The 2017 legislative session came to a chaotic end this morning. Democrats and Republicans fought until the final hour over funding long-term public works projects.
When the final gavel struck, Republicans leaders said they’re proud of their party’s unity and keeping government growth in check. Democrats also talked up their wins, but expressed frustration in being unable to accomplish their major goals.
“I don’t see what more I could have done,” Bullock said.
Democratic Governor Steve Bullock called a press conference after the $80 million infrastructure bonding bill he’s been pushing fell three votes short of the super-majority it needed to pass, held up by conservative Republicans and their caucus leaders.
“And we did meet them halfway, and more. Heard that there were not enough wins. It’s entirely on Republicans that blocked this effort. I mean I’m not naming names or pointing fingers. And it’s not my job. From that perspective, when those folks who had projects in their communities, that people are relying on when they go home. They don’t care about who shot john and what happened here, what they care about is making sure their school boiler gets fixed,” he said.
Republican Speaker of the House Austin Knudsen says he met with the Governor early this morning and listened to his offer to ease Republicans’ concerns about using state debt to pay for infrastructure. But, in the end, Knudsen says the offer wasn’t good enough.
“It was clear that their priorities were more important than our priories and that was reflected in the structure of this last minute attempt at a deal,” he said.
Knudsen points out the legislature did fund about $200 million of cash projects to maintain sewers, roads and bridges.
Republican leaders also point blame at Democrats for rejecting a different infrastructure bill to fund rural water system projects. Democrats voted against it, saying the infrastructure bills were a package deal to support the entire state, and either were going to pass or fail together.
In the 2015 legislative session, lawmakers also fought over bonding for public works projects. And this session, like the previous one, the debate went down to the last day and the proposal failed.
After officially calling an end to their work, lawmakers began reflecting on what they’d accomplished, or in some cases, failed to do, over the last 88 days.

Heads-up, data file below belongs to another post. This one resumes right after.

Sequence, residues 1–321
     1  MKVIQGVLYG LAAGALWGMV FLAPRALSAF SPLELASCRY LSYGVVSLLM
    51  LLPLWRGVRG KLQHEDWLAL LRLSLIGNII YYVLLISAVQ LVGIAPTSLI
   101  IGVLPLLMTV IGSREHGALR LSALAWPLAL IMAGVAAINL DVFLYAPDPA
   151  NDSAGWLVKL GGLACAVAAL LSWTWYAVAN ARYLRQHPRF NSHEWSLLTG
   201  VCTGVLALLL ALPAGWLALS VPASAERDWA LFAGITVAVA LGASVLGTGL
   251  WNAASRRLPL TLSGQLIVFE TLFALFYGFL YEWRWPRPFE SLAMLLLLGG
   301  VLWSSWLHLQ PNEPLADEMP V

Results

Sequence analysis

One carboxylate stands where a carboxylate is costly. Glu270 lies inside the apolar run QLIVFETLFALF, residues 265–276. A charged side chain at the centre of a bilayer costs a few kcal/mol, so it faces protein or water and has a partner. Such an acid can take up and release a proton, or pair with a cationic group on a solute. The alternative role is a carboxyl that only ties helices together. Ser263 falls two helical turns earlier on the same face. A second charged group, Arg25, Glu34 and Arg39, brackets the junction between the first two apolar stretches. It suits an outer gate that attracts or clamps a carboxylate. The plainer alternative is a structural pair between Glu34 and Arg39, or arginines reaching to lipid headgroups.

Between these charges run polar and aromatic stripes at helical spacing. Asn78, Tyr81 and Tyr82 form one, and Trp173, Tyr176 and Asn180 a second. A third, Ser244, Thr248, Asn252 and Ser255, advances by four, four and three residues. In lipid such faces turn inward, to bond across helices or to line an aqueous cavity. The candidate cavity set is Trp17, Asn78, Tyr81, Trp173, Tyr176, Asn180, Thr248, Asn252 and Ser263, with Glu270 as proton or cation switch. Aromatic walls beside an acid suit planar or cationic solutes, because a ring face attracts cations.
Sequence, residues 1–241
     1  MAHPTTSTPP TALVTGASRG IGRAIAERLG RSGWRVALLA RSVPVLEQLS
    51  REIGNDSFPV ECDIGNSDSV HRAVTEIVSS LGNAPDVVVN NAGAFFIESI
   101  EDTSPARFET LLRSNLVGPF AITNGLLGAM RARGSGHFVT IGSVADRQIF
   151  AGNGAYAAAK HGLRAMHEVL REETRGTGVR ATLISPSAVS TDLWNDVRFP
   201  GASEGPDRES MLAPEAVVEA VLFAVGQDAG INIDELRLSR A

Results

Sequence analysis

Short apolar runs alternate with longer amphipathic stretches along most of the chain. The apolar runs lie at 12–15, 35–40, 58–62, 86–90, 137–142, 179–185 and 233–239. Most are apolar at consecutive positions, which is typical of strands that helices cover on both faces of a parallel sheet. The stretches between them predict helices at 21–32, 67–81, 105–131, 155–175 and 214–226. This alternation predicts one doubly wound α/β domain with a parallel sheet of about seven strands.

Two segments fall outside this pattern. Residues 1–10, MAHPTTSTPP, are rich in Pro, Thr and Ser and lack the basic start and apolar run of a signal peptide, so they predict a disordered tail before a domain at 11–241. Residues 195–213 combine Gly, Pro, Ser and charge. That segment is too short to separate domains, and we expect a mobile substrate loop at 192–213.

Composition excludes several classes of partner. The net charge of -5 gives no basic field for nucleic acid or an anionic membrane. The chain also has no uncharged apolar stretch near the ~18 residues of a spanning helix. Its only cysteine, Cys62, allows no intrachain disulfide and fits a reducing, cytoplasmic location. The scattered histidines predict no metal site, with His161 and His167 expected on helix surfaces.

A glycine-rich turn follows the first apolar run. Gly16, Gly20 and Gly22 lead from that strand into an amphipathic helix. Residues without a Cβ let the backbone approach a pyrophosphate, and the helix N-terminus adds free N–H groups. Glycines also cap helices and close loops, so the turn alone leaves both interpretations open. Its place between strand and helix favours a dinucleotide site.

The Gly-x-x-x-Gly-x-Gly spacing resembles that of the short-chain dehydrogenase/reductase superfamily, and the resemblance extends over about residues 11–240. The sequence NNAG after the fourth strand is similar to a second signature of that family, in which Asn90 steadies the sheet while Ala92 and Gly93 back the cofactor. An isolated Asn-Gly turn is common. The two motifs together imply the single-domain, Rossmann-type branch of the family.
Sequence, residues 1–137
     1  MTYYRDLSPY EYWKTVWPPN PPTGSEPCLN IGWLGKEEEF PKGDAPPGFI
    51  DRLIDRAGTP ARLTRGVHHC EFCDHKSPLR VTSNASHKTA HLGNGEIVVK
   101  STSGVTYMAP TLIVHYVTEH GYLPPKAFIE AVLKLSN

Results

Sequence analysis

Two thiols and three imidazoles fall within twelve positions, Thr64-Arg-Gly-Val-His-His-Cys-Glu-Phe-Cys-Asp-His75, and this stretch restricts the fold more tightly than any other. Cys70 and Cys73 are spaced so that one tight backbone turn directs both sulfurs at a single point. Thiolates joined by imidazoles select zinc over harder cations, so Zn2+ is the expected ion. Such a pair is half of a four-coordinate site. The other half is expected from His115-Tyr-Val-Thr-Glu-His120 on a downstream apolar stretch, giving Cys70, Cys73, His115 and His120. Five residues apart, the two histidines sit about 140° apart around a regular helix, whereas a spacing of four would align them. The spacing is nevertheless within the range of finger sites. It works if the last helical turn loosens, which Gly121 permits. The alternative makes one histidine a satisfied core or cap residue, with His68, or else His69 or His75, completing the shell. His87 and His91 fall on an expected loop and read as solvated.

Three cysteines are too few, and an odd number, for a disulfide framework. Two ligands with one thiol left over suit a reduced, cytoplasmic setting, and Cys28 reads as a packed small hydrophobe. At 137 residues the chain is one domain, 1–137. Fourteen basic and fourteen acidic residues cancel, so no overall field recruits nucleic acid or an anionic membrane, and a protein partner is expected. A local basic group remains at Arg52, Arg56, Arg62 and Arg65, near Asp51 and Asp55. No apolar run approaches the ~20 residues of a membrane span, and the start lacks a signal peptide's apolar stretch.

Republican House Majority Leader Ron Ehli.
“We will leave knowing that we met our only constitutional requirement, to balance this budget and we will be happy, and we should be happy to slow the growth of state government,” he said.
The crafting of the state budget amid revenue shortfalls dominated most of the debate during the legislative session. During a farewell speech on the House Floor Ehli congratulated his caucus on passing a budget that resisted Governor Steve Bullock, and other Democrats’, efforts to raise taxes on tobacco, wine, and income taxes on the wealthy to provide additional funding for state agencies.
Democrats say there were unnecessary cuts in state programs, especially in the health department and higher education, because Republicans weren’t willing to consider the tax increases.
The one significant tax that did pass will gradually increase the cost of gas by 6 cents a gallon over the next few years to pay for highway and road maintenance.
In final speech on the chamber floors, both Republicans and Democrats praised work done to reform the state’s justice system during the session, in what Minority Leader Jenny Eck called the most compressive reform of the system in a generation.
“That’s about a dozen bills that make our system smarter and more just, saving money and giving our judges and prosecutors more tools to give defendants the right sentences and help reduce recidivism and make sure we use the prison system for the people that need to be there the most,” she said.
Lawmakers also joined together in a bipartisan effort reforms in the state’s child protection system, as the state deals with rising caseloads of child abuse and neglect.
As lawmakers cleaned out their desks in the House and Senate, more than 200 bills still await a decision from the Governor, including the state budget, which the governor can sign, veto, do nothing with, which would mean the budget would become law.